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Proposal would make stretch of Main Street one-way


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With a new idea on how to set aside millions in tax dollars, the vision for a redeveloped downtown Greenwood, including renovations for the current city hall and bike lanes on the streets, is getting closer to happening.

The city wants to add bike lanes to Main Street and Madison Avenue and widen sidewalks and roads to make old town Greenwood more bike- and pedestrian-friendly. Widened sidewalks could allow businesses to place tables and chairs outside for dining and would make the area more wheelchair-accessible, Greenwood community development services director Mark Richards said.

But the area is low on space, which is a major hangup for redevelopment, he said. The fix: Redirect traffic and make some east-west streets one way, freeing up roadway to become sidewalk space or bike lanes.

The idea isn’t new, but the path to funding it and the current discussions about how to get the work done are. City council member Ezra Hill, who represents most of the Old Town area, hopes to have a prioritized list of projects in place by the end of the year.

A plan for the Old Town area includes spending about $15.25 million on downtown infrastructure projects, such as moving utilities, paying for street and sidewalk upgrades and creating bike paths.

The projects have been discussed in the city for years, but they have now made it onto a list of what the city plans to do with money collected in an expanded eastside tax-increment financing, or TIF, district, which would include downtown. That list of projects and the TIF district expansion are up for approval at the redevelopment commission’s April 8 meeting. If the city board approves the expansion of the TIF district, then property taxes on new commercial development in the area could be used on projects downtown, such as street and sidewalk widening.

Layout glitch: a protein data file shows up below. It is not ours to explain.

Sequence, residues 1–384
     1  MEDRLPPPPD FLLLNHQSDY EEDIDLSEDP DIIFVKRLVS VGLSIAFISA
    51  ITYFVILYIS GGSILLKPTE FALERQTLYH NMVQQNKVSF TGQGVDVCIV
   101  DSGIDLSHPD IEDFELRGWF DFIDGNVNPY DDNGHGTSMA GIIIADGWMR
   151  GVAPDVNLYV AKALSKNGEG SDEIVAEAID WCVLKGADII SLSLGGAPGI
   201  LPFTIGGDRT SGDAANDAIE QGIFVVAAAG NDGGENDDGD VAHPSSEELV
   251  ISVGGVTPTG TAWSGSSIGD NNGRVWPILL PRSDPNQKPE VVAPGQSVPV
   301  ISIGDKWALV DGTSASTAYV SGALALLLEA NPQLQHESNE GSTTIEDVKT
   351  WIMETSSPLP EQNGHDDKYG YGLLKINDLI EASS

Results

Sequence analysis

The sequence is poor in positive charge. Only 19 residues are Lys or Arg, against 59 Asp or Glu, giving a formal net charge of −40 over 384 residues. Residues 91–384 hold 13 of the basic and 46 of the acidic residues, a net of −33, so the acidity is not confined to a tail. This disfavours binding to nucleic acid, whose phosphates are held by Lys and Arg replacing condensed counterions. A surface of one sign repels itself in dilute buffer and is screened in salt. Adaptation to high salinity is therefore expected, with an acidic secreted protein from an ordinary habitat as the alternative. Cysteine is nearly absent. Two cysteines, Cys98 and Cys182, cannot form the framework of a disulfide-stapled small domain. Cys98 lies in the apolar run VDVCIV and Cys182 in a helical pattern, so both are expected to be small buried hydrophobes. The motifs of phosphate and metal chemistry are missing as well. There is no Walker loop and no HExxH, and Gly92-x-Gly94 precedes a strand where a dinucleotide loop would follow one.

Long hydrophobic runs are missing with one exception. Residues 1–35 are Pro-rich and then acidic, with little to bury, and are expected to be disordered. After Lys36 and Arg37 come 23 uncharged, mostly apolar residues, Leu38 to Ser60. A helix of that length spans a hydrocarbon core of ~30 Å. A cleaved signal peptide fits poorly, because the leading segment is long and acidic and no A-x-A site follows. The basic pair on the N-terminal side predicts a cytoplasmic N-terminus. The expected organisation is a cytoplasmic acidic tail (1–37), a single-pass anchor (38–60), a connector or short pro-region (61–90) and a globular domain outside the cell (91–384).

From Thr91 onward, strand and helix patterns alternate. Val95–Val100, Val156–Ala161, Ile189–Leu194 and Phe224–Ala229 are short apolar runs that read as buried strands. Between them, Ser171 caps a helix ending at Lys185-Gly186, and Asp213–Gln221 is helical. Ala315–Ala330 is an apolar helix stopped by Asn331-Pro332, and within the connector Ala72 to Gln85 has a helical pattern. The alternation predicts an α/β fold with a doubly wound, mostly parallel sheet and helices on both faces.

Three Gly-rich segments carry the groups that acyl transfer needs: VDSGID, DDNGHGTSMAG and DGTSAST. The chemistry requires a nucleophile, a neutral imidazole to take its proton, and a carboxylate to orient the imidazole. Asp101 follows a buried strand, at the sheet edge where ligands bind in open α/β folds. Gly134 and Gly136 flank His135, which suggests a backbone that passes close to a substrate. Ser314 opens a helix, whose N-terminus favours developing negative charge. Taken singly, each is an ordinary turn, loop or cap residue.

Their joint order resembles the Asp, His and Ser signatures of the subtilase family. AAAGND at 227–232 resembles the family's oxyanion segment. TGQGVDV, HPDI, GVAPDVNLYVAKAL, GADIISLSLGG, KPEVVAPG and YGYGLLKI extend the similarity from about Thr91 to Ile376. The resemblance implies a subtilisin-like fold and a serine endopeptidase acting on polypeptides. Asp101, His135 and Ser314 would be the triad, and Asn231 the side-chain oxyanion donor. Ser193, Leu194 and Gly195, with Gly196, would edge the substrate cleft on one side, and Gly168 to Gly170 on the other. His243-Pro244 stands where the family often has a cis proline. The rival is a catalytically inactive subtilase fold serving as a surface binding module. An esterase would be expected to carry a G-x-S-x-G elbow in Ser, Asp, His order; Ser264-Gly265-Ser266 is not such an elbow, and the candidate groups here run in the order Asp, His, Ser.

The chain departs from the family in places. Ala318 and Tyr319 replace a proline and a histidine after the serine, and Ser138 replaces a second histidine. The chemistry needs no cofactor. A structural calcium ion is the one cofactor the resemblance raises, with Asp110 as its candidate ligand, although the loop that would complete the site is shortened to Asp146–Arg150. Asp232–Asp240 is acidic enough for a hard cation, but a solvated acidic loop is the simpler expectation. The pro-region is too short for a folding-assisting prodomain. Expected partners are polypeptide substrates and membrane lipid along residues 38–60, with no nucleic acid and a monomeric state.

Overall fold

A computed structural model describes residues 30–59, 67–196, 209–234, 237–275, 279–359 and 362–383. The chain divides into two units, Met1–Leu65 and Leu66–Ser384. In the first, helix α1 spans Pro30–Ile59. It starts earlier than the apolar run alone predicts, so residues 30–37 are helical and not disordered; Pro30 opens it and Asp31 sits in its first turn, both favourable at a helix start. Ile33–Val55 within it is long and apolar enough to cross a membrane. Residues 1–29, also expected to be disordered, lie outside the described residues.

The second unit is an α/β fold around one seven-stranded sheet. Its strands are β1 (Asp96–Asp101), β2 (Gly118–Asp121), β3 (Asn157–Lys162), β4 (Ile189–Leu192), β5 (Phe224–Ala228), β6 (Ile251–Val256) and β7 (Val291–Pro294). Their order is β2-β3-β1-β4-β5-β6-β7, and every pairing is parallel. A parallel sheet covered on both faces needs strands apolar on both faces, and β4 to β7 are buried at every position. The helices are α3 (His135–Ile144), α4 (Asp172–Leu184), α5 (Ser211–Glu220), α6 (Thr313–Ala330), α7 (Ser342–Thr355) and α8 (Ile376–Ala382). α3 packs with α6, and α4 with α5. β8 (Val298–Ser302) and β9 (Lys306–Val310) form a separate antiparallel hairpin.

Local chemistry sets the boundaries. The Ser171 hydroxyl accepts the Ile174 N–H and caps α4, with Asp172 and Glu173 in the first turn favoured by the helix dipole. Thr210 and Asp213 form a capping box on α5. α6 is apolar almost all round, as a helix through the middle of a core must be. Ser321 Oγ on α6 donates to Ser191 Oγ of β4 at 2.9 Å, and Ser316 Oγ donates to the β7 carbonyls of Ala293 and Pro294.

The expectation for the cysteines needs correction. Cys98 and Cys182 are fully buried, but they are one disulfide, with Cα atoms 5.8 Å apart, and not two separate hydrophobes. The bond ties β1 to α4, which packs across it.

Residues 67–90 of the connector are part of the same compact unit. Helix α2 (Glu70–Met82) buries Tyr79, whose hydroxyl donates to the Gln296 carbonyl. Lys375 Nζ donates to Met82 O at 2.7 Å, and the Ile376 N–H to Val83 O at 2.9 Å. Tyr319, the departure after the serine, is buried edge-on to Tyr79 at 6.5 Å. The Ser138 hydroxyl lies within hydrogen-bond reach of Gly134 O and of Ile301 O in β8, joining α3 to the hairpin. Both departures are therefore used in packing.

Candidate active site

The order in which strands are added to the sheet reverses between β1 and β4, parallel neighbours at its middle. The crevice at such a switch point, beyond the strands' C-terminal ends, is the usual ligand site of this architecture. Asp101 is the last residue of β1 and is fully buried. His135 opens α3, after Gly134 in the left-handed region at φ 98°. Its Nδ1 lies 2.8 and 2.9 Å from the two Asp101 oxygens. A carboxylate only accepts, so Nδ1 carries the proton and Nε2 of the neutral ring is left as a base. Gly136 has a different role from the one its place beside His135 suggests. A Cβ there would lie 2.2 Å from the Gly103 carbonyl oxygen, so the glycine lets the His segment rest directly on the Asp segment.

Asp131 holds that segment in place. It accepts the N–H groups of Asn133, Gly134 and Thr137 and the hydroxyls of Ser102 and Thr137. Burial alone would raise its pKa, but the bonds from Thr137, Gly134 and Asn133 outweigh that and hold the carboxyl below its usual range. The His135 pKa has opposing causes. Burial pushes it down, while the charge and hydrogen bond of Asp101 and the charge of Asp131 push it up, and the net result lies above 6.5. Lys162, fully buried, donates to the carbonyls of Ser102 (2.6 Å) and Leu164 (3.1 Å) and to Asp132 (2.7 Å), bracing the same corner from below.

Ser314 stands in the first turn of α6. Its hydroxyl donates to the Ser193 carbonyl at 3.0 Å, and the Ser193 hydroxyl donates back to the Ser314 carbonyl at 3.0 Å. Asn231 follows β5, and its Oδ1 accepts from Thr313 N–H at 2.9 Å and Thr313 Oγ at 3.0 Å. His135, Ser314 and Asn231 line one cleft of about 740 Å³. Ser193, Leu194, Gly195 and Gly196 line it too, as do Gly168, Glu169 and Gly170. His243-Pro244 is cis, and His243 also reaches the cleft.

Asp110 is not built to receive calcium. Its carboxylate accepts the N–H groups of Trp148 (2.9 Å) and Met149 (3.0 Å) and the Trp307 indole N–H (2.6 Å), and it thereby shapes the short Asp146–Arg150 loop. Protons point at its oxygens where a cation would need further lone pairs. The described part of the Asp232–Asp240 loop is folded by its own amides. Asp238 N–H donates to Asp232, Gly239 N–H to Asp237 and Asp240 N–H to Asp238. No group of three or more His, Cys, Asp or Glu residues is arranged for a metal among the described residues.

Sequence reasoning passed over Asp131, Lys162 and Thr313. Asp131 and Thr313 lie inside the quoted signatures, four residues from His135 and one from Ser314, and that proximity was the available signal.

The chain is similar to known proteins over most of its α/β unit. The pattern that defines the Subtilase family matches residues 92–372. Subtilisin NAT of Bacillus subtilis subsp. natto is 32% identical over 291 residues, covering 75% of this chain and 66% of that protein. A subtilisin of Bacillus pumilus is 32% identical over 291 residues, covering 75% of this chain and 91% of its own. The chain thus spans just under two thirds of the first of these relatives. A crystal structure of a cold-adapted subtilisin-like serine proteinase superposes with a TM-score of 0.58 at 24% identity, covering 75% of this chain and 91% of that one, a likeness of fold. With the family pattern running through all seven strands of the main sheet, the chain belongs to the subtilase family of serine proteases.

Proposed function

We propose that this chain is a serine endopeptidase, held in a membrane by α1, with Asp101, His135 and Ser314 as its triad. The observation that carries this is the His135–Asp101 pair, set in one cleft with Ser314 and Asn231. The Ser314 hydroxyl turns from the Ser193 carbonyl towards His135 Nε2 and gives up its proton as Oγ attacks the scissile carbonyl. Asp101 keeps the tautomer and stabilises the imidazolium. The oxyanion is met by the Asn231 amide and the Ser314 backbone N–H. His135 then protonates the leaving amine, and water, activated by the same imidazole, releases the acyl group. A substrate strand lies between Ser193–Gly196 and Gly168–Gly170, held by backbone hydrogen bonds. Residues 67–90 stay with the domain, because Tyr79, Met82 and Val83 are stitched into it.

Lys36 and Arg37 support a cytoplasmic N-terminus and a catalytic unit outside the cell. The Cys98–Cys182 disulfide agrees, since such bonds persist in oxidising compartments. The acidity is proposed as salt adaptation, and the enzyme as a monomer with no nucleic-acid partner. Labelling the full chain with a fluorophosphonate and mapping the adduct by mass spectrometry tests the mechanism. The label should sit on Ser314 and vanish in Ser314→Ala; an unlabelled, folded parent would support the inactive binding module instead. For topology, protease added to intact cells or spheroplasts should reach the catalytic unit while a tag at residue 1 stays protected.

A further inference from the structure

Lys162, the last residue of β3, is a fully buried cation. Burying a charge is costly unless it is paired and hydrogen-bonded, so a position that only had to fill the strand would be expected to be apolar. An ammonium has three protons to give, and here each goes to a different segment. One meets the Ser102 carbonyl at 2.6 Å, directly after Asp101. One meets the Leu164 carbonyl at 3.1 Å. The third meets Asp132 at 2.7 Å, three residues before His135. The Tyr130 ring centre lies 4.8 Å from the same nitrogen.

And now, officials are talking about ways to make the plan happen, but they’ll need to answer some hard questions.

To widen sidewalks and add bike lanes without demolishing buildings near the street, the city would have to eliminate road lanes, Richards said. That means the city likely would make Main Street one way between Market Plaza and Meridian Street or between Market Plaza and Washington Street near the fire station, he said. The city likely would leave an eastbound lane for emergency vehicles, he said.

The one-way section of Main Street likely would be for westbound traffic, and a one-way eastbound route would have to be developed, he said. Traffic could be diverted onto Machledt Drive and Market Plaza, but that idea for eastbound travel has its problems because Machledt and Market Plaza are prone to flooding, and the streets don’t line up neatly with busy Madison Avenue, he said.

“You’d be zigzagging through town,” Richards said.

A bike lane needs to be at least 5 feet wide, and sidewalks need at least 4 feet of clear space between a utility pole or restaurant tables and the edge of the walkway. Currently, Main Street has a width of about 30 feet from curb to curb near the Van Valer building and about 6 feet on each side for sidewalks.

Street lanes have to be a minimum of 10 feet wide, so the two existing travel lanes, center turn lane and sidewalks don’t leave space for a bike lane, he said. For now, ways to improve traffic flow and find the space for bike lanes and wider sidewalks are just ideas, he said.

Most sections of street won’t have room for both.

“Would you rather have bike lanes or wider sidewalks? There’s probably going to be some choices made, and they’re not going to be easy choices because everyone’s going to have an opinion,” Richards said.

Those decisions can’t be made, though, until the city has money to pay for the projects, he said. City officials plan to pay for the work with property taxes collected in the TIF district.

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